|Claims||Removal of (unspecified) toxins|
|Subsequent proponents||e.g. Dr. Oz, Gillian McKeith|
|See also||enema, detoxification, mucoid plaque|
Colon cleansing (also known as colon therapy) encompasses a number of alternative medical therapies claimed to remove nonspecific "toxins" from the colon and intestinal tract. Colon cleansing may be branded colon hydrotherapy, a colonic or colonic irrigation. During the 2000s internet marketing and infomercials of oral supplements supposedly for colon cleansing increased.
Some forms of colon hydrotherapy use tubes to inject water, sometimes mixed with herbs or with other liquids, into the colon via the rectum using special equipment. Oral cleaning regimens use dietary fiber, herbs, dietary supplements, or laxatives. People who practice colon cleansing believe that accumulations of putrefied feces line the walls of the large intestine and that these accumulations harbor parasites or pathogenic gut flora, causing nonspecific symptoms and general ill-health. This "auto-intoxication" hypothesis is based on medical beliefs of the Ancient Egyptians and Greeks and was discredited in the early 20th century.
No scientific evidence supports the alleged benefits of colon cleansing. Certain enema preparations have been associated with heart attacks and electrolyte imbalances, and improperly prepared or used equipment can cause infection or damage to the bowel. Frequent colon cleansing can lead to dependence on enemas to defecate and some herbs may reduce the effectiveness of prescription drugs.
Effectiveness and risks
The symptoms that are attributed to auto-intoxication—headache, fatigue, loss of appetite and irritability—are actually caused by mechanical distention within the bowel, such as irritable bowel syndrome, rather than toxins from putrefying food. The benefits anecdotally attributed to colon cleansing are vague and the claims made by manufacturers and practitioners are based on a flawed understanding of the body. There is little evidence of actual benefit to the procedure, and no evidence that it can alleviate the symptoms that are attributed to the theories of colon cleansing.
As the colon normally expels waste, colon cleansing is generally unneeded. Colonic irrigation can disrupt the bowel's normal flora and if done frequently can result in electrolyte depletion with dehydration. Rare but severe adverse events have been rectal perforation and amoebic infection from poorly sterilised equipment. Another claim is that it may impede the colon's shedding of dead cells.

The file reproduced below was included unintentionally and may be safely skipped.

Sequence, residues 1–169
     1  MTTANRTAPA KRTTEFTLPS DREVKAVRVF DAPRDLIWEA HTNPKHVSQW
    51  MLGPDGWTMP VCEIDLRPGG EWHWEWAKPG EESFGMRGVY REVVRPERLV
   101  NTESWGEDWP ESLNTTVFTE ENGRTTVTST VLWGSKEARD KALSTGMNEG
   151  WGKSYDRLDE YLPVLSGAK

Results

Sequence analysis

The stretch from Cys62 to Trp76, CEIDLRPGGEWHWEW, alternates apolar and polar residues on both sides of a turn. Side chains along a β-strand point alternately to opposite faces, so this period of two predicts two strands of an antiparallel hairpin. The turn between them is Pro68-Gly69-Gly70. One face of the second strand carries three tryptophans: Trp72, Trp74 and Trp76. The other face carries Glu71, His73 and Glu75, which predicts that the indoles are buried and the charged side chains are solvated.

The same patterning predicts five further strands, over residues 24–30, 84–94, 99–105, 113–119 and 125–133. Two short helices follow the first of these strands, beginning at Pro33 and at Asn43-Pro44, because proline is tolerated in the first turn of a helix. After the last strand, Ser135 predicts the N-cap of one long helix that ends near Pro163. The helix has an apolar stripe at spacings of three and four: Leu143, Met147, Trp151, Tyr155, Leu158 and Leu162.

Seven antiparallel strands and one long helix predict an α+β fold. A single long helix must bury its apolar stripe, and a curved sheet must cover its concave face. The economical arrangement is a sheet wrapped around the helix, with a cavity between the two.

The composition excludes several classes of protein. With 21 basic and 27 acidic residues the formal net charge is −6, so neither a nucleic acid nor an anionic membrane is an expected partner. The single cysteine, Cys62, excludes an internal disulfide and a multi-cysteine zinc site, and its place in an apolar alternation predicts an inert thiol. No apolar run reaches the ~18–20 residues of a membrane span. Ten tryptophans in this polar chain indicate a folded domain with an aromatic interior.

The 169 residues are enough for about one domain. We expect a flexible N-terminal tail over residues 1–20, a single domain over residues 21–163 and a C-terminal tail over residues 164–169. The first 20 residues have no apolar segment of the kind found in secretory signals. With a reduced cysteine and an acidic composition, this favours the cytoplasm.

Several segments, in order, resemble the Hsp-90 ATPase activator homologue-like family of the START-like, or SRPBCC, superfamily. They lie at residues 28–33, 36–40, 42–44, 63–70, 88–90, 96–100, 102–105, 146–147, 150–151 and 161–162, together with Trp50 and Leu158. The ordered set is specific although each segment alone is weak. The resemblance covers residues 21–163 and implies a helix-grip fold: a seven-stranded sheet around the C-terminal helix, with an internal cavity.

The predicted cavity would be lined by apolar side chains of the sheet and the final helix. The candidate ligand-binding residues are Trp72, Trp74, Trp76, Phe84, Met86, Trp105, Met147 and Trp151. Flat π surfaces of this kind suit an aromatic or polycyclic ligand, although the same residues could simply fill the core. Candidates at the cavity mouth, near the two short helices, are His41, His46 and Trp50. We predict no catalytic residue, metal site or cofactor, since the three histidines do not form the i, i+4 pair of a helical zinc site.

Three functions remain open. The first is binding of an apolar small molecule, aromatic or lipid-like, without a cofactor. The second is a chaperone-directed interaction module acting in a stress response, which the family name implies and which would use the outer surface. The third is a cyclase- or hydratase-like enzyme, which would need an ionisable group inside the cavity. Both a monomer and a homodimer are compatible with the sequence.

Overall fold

Excessive use of enemas has also been associated with cardiac problems, such as heart failure, and heart attacks related to electrolyte imbalances when performed as coffee enema. Frequent enemas or other colon-cleansing tools may lead to dependence and inability to defecate without assistance or withdrawal symptoms. Herbs taken orally may interfere with drug absorption or activity of prescription drugs.
Colonic irrigation also known as colon hydrotherapy, colonic hydrotherapy, or a "colonic", is a treatment which is used "to wash out the contents of the large bowel by means of copious enemas using water or other medication."
During an enema, the water is retained in the colon for approximately 15 minutes. During a colonic, water is introduced into the colon and then it is flushed out and this is repeated until the entire colon is cleared.
Colonic irrigation has been described as an "unwise" procedure as it carries the risk of serious harm and has no proven benefit.
The consumer advocacy news program Marketplace conducted a consumer trial with three women on the effectiveness of two colon supplements versus fiber. The results showed the supplements did not assist in weight loss and provided no additional benefit over a basic fiber supplement. According to the American Cancer Society, "Available scientific evidence does not support claims that colon therapy is effective in treating cancer or any other disease".
The concept of "auto-intoxication", the idea that food enters the intestine and rots, provides a rationale for colon cleansing. The ancient Egyptians believed that toxins formed as a result of decomposition within the intestines,Ebbel, B. (1937). The Papyrus Ebers. Copenhagen: Levin and Munksgaard. pp. 30–32. and moved from there into the circulatory system, causing fever and the development of pus. The Ancient Greeks adopted and expanded the idea, applying their belief in the four humours. In the 19th century, studies in biochemistry and microbiology seemed to support the autointoxication hypothesis, and mainstream physicians promoted the idea. Daly notes that, historically, "purging was one of the few procedures that a physician could perform with visible, often impressive results and without immediate or obvious dangers".